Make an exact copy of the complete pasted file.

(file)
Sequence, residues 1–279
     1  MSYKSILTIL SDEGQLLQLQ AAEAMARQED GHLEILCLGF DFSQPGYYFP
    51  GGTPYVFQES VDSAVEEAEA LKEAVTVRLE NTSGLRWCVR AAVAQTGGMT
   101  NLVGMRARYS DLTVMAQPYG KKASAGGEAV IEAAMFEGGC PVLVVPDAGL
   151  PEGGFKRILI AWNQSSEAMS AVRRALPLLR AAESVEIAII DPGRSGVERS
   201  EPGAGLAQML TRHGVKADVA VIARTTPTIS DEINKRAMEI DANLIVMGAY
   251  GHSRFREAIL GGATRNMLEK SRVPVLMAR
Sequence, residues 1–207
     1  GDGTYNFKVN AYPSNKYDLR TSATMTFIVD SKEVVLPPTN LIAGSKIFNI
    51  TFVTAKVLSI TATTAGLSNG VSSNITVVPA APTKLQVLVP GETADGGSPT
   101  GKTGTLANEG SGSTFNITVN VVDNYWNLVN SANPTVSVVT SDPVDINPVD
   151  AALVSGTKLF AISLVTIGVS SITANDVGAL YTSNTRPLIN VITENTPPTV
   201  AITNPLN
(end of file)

Sequence, residues 1–279
     1  MSYKSILTIL SDEGQLLQLQ AAEAMARQED GHLEILCLGF DFSQPGYYFP
    51  GGTPYVFQES VDSAVEEAEA LKEAVTVRLE NTSGLRWCVR AAVAQTGGMT
   101  NLVGMRARYS DLTVMAQPYG KKASAGGEAV IEAAMFEGGC PVLVVPDAGL
   151  PEGGFKRILI AWNQSSEAMS AVRRALPLLR AAESVEIAII DPGRSGVERS
   201  EPGAGLAQML TRHGVKADVA VIARTTPTIS DEINKRAMEI DANLIVMGAY
   251  GHSRFREAIL GGATRNMLEK SRVPVLMAR
Sequence, residues 1–207
     1  GDGTYNFKVN AYPSNKYDLR TSATMTFIVD SKEVVLPPTN LIAGSKIFNI
    51  TFVTAKVLSI TATTAGLSNG VSSNITVVPA APTKLQVLVP GETADGGSPT
   101  GKTGTLANEG SGSTFNITVN VVDNYWNLVN SANPTVSVVT SDPVDINPVD
   151  AALVSGTKLF AISLVTIGVS SITANDVGAL YTSNTRPLIN VITENTPPTV
   201  AITNPLN